A budget of tax hikes and spending cuts won initial approval from Israel’s parliament on Tuesday but lawmakers from Prime Minister Benjamin Netanyahu’s Likud party vowed to amend the measure to ease the pain for middle-class voters.
Lawmakers voted 58 to 44 after a long debate in favor of the 17-month 2013-14 spending package, sending it to parliament’s finance committee for further review.
The budget wins final approval only after it passes a vote of that committee and then two further votes in the legislature.
Netanyahu has backed the budget drafted by his centrist coalition partner, Finance Minister Yair Lapid, who has warned the economy could collapse unless spending is reined back.
But some in Netanyahu’s Likud party and throughout the coalition and opposition think the combination of income tax rises and welfare cuts is too harsh.
Parliament needs to give final approval to the budget by the end of July or new elections will be triggered.
The draft would increase income tax in each earnings bracket by 1.5 percentage points, while the corporate rate would climb to 26 percent from 25 percent. Value added tax (VAT) already rose to 18 percent from 17 percent this month.
“The budget will pass as is today but we will change things in the finance committee,” said Gila Gamliel, a Likud member and government coordinator for the budget in the finance committee.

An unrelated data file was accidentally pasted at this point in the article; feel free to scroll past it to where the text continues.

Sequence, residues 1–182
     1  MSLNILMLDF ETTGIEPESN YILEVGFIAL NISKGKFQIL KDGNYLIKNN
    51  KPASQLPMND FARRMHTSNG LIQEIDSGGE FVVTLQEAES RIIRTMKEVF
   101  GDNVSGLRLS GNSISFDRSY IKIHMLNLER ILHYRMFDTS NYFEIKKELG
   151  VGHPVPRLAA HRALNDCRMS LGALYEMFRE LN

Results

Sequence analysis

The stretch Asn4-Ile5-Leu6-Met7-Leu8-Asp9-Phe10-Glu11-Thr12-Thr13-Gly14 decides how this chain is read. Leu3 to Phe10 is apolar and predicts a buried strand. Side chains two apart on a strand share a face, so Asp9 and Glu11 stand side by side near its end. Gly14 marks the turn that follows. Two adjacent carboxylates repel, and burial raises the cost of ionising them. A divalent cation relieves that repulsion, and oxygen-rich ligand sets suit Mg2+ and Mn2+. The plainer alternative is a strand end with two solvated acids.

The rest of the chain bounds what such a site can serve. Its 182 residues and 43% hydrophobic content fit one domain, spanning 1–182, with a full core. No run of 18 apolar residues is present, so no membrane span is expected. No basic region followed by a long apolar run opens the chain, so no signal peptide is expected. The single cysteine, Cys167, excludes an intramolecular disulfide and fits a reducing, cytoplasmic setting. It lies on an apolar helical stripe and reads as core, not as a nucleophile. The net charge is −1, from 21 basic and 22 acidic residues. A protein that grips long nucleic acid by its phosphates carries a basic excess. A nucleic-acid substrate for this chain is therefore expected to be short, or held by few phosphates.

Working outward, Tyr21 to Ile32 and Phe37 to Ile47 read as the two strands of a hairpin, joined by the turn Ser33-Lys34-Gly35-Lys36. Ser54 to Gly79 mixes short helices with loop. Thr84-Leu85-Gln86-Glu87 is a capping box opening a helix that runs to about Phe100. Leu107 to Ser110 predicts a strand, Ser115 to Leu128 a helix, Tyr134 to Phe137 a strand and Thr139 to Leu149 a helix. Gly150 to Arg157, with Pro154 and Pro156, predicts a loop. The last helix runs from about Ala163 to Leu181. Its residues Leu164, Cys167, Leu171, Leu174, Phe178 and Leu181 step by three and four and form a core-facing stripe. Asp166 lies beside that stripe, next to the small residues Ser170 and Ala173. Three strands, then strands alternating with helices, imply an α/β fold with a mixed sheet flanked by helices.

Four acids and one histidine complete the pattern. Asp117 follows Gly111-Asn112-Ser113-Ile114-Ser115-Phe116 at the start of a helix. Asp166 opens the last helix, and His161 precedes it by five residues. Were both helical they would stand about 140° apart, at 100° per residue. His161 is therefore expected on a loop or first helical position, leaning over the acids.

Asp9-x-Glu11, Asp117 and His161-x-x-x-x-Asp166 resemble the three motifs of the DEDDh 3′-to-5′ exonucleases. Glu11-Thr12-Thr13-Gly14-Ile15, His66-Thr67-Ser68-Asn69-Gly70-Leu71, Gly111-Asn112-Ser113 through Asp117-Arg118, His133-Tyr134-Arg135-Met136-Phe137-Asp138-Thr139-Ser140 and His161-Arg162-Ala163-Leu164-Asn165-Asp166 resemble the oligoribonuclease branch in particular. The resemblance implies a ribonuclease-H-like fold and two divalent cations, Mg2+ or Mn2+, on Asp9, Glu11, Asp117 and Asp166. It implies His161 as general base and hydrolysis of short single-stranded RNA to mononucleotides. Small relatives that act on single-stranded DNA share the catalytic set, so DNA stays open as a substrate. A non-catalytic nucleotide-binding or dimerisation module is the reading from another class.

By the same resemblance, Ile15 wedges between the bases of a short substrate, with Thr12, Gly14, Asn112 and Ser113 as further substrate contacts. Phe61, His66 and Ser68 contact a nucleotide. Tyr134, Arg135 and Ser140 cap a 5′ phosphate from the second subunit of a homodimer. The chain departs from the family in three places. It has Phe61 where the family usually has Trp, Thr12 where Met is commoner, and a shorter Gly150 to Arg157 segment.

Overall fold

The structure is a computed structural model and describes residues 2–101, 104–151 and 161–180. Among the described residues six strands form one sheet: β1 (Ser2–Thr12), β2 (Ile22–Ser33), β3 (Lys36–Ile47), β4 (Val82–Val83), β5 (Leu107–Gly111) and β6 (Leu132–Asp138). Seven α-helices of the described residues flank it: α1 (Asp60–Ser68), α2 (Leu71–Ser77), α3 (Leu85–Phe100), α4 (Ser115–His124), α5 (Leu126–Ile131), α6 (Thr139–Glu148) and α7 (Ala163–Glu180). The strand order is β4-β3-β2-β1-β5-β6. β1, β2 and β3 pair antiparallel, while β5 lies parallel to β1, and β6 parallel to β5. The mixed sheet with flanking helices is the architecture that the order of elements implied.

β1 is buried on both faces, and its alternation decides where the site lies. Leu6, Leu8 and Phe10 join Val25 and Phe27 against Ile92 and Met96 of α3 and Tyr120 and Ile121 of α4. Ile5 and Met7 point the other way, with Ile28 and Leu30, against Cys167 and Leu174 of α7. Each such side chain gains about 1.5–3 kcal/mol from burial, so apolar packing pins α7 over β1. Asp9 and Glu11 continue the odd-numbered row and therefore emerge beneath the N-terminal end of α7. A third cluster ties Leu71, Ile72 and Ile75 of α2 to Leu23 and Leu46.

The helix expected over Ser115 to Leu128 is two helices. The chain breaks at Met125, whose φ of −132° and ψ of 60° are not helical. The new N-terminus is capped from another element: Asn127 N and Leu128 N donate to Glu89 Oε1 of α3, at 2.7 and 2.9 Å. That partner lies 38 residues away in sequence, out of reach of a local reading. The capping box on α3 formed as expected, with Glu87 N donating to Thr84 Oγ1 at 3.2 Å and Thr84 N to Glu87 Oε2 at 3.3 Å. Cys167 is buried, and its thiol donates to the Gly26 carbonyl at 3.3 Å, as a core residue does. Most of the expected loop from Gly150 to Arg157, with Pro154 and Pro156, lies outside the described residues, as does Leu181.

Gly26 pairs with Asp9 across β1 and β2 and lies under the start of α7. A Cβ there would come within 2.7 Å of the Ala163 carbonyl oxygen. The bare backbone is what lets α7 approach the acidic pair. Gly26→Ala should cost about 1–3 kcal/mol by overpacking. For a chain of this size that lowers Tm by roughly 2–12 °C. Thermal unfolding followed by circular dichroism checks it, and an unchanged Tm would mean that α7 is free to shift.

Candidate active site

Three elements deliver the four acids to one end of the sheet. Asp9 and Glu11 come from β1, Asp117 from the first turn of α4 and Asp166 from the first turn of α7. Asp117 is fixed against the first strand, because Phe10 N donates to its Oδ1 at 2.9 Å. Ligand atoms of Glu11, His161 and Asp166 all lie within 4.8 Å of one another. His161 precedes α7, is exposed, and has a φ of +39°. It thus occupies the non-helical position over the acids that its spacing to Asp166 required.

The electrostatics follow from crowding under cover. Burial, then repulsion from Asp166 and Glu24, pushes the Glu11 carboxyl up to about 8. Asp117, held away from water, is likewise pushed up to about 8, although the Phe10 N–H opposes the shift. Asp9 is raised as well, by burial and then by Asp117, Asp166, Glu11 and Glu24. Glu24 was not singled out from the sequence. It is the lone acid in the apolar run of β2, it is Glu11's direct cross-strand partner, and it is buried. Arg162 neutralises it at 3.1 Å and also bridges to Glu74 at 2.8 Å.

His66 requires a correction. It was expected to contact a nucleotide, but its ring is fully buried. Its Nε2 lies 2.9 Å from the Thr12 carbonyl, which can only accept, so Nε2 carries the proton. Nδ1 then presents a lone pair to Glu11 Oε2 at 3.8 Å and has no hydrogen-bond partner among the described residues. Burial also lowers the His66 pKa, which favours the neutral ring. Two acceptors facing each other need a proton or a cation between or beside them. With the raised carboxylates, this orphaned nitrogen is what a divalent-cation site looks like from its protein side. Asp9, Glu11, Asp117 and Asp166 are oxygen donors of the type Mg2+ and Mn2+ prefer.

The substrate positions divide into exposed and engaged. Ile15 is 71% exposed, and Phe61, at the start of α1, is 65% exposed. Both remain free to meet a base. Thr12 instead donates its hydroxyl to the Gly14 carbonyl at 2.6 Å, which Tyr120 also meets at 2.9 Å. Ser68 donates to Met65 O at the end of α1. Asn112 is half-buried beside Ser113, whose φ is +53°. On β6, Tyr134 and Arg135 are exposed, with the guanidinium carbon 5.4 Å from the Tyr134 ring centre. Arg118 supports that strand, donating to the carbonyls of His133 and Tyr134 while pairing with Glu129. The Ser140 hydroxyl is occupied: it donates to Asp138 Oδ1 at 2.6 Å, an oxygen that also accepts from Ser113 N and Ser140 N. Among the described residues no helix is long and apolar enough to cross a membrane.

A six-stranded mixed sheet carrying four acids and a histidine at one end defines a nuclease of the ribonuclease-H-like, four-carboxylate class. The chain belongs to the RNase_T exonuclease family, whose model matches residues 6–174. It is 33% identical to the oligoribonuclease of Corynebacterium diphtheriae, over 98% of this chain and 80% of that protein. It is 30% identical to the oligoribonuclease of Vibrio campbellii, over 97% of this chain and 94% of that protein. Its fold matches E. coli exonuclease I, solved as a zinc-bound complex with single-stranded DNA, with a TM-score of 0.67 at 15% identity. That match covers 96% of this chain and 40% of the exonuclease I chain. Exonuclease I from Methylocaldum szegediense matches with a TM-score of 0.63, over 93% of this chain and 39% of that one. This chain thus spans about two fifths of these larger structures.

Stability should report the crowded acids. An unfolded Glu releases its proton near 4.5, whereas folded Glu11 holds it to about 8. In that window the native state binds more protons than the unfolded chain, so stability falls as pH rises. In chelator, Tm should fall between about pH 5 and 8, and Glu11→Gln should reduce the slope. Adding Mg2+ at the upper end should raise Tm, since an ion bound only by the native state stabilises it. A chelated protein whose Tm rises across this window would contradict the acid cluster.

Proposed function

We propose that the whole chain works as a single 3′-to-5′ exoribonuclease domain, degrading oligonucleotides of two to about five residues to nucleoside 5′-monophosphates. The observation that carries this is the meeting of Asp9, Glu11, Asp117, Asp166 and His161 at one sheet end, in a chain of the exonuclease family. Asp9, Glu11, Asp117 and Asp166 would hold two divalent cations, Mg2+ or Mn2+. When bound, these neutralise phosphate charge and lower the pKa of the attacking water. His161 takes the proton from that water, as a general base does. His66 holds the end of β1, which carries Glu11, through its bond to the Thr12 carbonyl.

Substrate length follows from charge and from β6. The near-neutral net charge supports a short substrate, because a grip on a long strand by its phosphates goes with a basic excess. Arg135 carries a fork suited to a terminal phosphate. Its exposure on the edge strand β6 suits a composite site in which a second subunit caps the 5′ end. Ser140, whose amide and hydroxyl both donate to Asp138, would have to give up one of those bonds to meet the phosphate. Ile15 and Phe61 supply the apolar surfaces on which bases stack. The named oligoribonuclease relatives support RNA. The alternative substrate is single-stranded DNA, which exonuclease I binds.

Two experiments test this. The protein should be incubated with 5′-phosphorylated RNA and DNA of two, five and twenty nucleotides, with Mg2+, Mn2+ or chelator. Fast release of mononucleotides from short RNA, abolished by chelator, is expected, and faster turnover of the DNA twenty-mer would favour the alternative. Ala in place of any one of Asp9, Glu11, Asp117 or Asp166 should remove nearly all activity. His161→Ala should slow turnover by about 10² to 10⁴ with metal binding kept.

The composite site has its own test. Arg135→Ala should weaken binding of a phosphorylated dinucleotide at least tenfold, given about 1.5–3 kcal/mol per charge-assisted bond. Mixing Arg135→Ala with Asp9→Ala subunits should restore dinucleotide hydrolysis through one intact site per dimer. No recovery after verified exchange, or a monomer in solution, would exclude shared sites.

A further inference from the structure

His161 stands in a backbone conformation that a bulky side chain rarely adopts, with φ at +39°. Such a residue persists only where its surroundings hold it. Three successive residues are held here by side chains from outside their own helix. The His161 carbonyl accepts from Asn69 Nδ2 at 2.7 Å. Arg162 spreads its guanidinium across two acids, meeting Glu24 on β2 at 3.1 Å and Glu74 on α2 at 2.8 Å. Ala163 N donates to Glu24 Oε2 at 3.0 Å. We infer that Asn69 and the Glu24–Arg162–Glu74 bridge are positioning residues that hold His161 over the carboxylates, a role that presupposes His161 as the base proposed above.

“I told the finance minister that it will not pass (the committee) and we won’t allow the budget to hurt the middleclass and young couples,” she said.
A spokeswoman for Lapid welcomed changes as long as there were alternative measures, saying: “things that they want to change cost a lot of money.
A month ago, cabinet ministers overwhelmingly approved the budget draft with cuts of at least 25 billion shekels ($7billion) between August 2013 and the end of 2014.
Israel’s budget deficit was 4.2 percent of gross domestic product (GDP) last year - more than double its initial target-due to overspending by the previous government and lower-than-expected tax revenue as the economy slowed.
Indecision over how to tackle the deficit brought down the previous government. That triggered an election in January and catapulted Lapid, a centrist who campaigned on promises that the middle class’s economic burden would fall, into Netanyahu’s right-leaning coalition government.
Many of the proposed budget measures will hurt the middleclass. Thousands have expressed their displeasure on Lapid’s Facebook page at the prospect of losing an estimated $2,000 a year through higher taxes and cuts to the child allowance.
Lapid has an ally in Bank of Israel Governor Stanley Fischer, who has been urging the government to take more responsible fiscal steps rather than populist ones.
The budget proposes a deficit of 45.6bn shekels, or 4.65 percent of GDP, in 2013 and 31.1bn shekels, or 3 percent of GDP, in 2014.
“Rather than evading responsibility, we chose to do the responsible thing - because Israel’s economy has no choice but to close the deficit as quickly as possible,” Lapid told lawmakers at the start of parliament’s budget debate.
The budget is based on 3.8 percent economic growth this year and 3.3 percent in 2014. Total spending, including some 80bn shekels in debt servicing, will be 388bn shekels in 2013, rising to 408bn in 2014.
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